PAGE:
“Monica, you have zero noonchi.”
“Noonchi? What’s noonchi?”
“You know, noonchi. That thing. That thing people with noonchi have.”
With no thanks to my mother’s explanation and just a little hunch from the context, I made a guess. “Is ‘noonchi’ Korean for ‘common sense’?” I asked.
My mother’s eyes brightened. “Sort of.”
I gave her a look. “Sort of? What do you mean, ‘sort of’?”
“I … I’m not really sure how to explain it,” my mother sighed. It was only a couple of years later that I understood the subtleties of that word’s definition. The term noonchi refers to one’s ability to gauge the nuances of another’s feelings and act accordingly.
One day, my family and I were crowded around a table at a Korean barbecue restaurant with delicious galbi sizzling on the grill. My aunt was talking about one of my cousins, who was pregnant with her second son, when I decided to ask when her other daughter was planning on having a child. A swift kick in the shin coupled with an intense eyebrow raise from my brother was all it took for me to realize that maybe that hadn’t been the most appropriate question. It was only after we got home that my brother shook his head and told me, “Monica, you have zero noonchi.”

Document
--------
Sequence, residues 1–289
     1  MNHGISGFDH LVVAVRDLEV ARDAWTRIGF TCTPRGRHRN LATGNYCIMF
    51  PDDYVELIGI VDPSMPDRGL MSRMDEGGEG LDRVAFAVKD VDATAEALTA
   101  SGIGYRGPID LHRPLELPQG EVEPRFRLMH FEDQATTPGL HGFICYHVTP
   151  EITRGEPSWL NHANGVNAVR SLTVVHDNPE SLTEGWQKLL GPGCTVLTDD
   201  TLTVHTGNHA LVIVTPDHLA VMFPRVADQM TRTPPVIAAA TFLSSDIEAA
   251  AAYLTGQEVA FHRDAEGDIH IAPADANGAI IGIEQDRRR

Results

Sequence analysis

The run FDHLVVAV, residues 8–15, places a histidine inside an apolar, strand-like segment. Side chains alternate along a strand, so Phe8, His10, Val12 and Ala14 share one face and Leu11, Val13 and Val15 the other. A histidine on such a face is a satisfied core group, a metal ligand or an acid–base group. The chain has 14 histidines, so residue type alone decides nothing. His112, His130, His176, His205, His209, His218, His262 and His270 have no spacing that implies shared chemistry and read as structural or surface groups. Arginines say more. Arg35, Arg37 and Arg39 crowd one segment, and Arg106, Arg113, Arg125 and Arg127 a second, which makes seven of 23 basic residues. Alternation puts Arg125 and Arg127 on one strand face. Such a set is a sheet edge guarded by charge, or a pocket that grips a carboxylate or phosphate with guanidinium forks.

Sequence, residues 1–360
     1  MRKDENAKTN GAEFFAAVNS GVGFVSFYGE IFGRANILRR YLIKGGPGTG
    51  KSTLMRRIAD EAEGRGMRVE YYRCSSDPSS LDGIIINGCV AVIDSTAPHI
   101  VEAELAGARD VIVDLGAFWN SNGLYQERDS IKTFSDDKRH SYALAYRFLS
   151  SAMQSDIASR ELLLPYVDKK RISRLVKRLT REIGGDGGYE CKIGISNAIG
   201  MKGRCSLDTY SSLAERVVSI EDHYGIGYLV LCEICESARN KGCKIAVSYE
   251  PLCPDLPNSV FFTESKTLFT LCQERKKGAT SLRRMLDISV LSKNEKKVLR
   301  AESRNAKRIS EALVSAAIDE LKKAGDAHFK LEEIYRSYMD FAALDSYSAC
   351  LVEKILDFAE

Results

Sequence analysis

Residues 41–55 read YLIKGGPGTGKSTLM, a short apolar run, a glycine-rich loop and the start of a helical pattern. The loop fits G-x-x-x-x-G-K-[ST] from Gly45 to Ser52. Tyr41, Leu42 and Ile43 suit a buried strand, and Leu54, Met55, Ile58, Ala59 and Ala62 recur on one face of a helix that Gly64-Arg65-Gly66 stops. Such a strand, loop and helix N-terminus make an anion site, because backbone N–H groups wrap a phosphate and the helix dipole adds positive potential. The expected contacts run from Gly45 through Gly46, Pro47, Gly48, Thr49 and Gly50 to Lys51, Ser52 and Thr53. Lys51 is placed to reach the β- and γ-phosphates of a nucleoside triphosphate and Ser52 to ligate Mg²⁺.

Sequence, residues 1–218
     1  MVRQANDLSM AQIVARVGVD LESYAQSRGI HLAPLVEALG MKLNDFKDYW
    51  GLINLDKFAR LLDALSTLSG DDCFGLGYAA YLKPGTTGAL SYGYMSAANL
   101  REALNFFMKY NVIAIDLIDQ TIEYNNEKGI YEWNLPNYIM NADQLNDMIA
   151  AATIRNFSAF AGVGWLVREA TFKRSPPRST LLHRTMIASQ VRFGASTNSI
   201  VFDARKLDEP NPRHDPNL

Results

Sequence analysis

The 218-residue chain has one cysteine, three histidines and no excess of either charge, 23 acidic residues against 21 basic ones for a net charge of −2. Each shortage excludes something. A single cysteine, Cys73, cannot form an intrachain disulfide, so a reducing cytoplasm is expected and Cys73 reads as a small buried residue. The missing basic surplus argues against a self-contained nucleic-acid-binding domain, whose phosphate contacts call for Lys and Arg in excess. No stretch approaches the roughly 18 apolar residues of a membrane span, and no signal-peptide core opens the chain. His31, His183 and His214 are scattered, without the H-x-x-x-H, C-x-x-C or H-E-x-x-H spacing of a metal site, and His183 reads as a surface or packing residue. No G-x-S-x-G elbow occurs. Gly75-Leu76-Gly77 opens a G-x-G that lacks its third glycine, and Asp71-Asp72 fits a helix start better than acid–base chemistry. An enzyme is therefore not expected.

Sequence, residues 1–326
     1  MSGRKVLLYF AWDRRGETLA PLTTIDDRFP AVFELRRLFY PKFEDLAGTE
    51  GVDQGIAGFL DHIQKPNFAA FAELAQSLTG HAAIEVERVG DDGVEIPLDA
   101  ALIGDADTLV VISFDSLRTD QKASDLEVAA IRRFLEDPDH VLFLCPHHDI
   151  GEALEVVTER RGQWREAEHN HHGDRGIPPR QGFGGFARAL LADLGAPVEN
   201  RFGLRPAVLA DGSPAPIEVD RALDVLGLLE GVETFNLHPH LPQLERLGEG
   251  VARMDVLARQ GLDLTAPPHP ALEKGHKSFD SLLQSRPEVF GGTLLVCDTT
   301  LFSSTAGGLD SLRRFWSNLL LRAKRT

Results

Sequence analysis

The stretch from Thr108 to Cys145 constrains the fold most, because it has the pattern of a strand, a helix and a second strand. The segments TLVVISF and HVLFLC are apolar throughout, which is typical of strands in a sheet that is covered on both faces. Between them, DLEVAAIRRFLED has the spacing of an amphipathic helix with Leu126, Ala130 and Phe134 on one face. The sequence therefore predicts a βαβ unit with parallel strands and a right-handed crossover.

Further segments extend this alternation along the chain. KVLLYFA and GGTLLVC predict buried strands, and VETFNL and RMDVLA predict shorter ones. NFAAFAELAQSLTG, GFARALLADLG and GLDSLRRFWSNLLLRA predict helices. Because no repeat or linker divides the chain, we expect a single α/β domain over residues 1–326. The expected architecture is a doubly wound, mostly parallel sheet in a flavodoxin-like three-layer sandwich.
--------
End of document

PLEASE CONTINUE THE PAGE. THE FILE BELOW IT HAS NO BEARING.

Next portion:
It took me several more tries before I eventually pieced together the definition. Before long, I started hearing the word everywhere – at my local Korean market, at my church, and even in my favorite Korean dramas. I even found myself using the term, then trying to explain it to my friends.
As a Korean-American, I have always found myself teetering in the middle of two vastly different cultures. On one hand, I am American-born and enjoy biting into a hamburger at a Fourth of July barbecue. On the other hand, I am Korean-raised and savor every moment of being able to twirl around in my hanbok, a colorful Korean dress worn on Chuseok, the annual harvest festival.
My struggle to grasp the meaning of noonchi was a testament not only to my inability to identify with one culture over the other, but also the difficulty of truly comprehending the Korean language’s idiosyncrasies.
Every language is born from a medley of culture and tradition. If every word from every language could be translated simply and mechanically, it would strip away and disengage the customs from their words. It would demean the thousands of years of history carved into the carefully chosen sounds and locutions.
So even if it did take me a frustratingly long time to fully understand the meaning of noonchi, it is one of the many, many examples that make the Korean language and culture unique, and I would not want it any other way.
This piece has been published in Teen Ink’s monthly print magazine.